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AUGUST 1, 1933 - JULY 20, 2020

In loving memory of Margaret Mooibroek (née Grietje Bosma), who passed away on July 20, 2020 at the age of 86 years.

In keeping with Margaret's wishes, cremation has taken place. In lieu of flowers, Margaret’s family kindly requests that all of her friends and relatives take a few minutes to honour her memory by watching the photo-biography above. Please, also consider sharing your own photos and/or sharing your own memories and stories using the comment section on this page.


Margaret was born August 1, 1933 in the small village of Oostermeer, the Netherlands, the eldest of 10 children born to John and Susan Bosma.  Margaret was a calm, quiet, mild-mannered child, intelligent and observant.  Her father recalled being able to leave baby Grietje patiently strapped to his bicycle for hours while he tended their small farm.  Even as a child, Margaret liked to be neat and tidy, never a hair out of place, the bed made as soon as she got out of it, chores done without a fuss.  She excelled at school, achieving top marks and near perfect attendance. 


In the strict, conservative environment in which she was raised, Margaret neither sought nor received much praise or recognition; she did what was expected because that was simply her nature.  While not openly rebelling, she sympathized with the siblings who had a tougher time conforming.  Her closest friends and playmates were her sister Sharon and her mother’s youngest sisters, who were about the same age.


When Margaret was 16, the family emigrated to Canada, sponsored by a farm family near Macdonald, Manitoba. Margaret adapted quickly, adopting an anglicized name and becoming fluent in English.  Soon after landing she worked as a maid in Winnipeg, then later at the Royal Bank.  At church she met Fred, a young engineer who had similarly emigrated from the Netherlands in hopes of better opportunities in Canada.  The couple married in 1954.  They had two sons then three daughters in quick succession, the eldest of which were born in the same years as Margaret’s youngest two brothers.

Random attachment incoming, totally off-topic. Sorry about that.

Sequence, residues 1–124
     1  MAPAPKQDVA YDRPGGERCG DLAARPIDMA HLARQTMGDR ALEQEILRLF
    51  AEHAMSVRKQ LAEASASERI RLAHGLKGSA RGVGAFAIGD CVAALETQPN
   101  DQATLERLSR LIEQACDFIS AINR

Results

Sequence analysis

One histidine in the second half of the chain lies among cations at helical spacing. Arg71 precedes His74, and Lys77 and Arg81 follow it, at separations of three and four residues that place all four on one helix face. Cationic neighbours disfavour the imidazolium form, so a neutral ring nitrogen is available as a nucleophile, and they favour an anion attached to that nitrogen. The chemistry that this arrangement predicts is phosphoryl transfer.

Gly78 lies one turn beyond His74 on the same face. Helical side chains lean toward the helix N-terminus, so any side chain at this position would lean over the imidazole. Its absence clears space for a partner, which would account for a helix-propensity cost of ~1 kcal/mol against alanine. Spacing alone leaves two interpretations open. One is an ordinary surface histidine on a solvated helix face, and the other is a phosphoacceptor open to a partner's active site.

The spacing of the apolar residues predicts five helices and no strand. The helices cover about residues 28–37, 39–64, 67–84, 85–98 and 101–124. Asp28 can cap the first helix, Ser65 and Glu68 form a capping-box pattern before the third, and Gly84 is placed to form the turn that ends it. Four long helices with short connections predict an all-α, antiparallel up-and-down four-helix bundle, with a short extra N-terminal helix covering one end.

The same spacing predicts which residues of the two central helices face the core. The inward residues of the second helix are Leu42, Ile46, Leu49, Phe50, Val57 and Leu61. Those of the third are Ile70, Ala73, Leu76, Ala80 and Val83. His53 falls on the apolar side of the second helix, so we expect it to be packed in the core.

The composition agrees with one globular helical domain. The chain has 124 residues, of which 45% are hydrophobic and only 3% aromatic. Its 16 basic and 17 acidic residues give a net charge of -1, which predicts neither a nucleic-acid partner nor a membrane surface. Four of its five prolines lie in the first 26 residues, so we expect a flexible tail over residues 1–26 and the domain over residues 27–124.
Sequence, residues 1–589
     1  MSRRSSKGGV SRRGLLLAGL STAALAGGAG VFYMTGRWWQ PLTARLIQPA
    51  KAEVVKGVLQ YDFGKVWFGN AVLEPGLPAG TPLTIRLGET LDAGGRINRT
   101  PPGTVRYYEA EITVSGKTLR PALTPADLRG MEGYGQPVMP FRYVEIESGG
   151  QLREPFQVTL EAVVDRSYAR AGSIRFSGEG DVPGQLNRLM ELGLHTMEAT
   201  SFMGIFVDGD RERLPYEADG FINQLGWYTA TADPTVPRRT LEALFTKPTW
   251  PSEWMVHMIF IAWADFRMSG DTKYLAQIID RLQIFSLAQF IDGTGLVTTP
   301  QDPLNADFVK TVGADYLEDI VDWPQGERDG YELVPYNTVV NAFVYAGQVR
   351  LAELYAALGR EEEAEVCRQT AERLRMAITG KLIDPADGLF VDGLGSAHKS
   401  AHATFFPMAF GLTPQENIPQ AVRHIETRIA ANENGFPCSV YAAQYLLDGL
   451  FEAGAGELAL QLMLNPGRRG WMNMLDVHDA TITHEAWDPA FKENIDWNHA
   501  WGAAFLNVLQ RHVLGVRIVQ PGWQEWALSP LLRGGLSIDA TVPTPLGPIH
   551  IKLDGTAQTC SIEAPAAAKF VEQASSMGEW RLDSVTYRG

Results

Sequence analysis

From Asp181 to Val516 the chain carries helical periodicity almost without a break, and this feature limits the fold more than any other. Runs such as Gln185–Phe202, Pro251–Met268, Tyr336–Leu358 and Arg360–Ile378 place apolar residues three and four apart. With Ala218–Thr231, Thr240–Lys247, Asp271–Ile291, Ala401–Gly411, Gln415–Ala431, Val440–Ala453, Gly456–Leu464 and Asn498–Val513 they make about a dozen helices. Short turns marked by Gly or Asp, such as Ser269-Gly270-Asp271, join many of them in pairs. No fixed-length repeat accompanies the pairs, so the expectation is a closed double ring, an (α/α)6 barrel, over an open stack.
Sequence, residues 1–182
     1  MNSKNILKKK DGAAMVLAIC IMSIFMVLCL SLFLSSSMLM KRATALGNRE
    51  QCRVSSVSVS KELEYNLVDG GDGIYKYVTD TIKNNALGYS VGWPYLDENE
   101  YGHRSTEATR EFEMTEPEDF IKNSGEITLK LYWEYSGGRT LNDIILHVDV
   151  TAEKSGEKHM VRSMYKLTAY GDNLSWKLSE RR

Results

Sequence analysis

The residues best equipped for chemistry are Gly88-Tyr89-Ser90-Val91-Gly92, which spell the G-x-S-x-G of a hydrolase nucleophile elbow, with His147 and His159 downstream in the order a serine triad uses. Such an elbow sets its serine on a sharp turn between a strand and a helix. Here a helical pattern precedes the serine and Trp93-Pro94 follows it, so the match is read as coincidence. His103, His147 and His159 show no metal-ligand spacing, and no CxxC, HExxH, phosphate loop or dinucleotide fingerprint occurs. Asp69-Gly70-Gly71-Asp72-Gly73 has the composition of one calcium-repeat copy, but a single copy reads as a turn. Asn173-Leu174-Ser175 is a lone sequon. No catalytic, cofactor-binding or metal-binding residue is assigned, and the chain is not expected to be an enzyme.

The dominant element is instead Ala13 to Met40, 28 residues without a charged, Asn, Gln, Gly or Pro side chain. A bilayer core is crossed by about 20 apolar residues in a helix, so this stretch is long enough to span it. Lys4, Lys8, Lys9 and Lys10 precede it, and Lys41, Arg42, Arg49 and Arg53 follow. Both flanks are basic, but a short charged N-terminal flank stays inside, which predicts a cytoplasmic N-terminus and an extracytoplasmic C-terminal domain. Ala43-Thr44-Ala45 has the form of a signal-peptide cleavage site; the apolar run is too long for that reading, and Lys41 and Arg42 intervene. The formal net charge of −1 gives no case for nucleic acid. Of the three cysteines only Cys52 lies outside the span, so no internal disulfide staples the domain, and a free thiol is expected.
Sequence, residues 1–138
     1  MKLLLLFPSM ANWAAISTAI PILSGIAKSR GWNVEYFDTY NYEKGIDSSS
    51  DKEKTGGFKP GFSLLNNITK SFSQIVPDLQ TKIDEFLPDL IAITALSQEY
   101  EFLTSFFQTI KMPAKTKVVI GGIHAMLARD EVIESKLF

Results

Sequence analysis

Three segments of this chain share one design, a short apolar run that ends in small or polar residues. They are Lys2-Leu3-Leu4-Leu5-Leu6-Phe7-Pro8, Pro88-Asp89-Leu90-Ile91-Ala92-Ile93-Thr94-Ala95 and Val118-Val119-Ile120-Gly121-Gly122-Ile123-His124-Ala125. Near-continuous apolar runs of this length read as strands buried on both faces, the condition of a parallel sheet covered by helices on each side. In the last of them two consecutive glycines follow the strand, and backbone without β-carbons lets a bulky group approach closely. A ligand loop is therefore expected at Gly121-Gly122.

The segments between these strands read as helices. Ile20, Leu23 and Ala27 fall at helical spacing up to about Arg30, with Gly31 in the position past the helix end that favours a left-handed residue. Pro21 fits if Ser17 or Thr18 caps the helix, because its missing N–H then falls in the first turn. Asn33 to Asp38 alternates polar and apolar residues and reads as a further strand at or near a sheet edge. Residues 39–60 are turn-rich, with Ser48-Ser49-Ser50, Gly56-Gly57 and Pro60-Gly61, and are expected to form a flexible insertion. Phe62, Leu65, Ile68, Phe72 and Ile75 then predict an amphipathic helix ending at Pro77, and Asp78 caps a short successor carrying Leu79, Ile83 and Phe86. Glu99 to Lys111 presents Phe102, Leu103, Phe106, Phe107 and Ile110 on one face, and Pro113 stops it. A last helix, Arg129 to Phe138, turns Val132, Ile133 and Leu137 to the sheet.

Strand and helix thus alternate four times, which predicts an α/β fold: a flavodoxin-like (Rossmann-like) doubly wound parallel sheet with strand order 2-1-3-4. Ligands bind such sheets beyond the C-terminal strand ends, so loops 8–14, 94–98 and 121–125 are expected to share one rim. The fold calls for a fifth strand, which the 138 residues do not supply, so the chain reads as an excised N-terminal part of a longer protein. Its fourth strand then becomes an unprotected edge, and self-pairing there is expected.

In the ensuing years, Margaret raised the children, cleaned, cooked, laundered and gardened.  She did it all in a calm efficient way, using her intelligence and organizational skills to achieve the home and life she aspired to.


With her children, Margaret was firm but much less restrictive than what she had experienced as a girl. While still insisting her children be well mannered and behaved, dressed appropriately and attend church every Sunday, they had relatively few chores and had time to play with friends, listen to top 40 radio, watch the 2 channel black and white TV, talk on the phone, play sports, attend dances and parties and even read in bed (except when visiting Oma and Opa!).  In contrast to the norms of her youth, adult Margaret made her own choices, keeping her hair short, wearing pants, growing flowers instead of vegetables, allowing pets in the house and enjoying a wide variety of music and reading material all days of the week.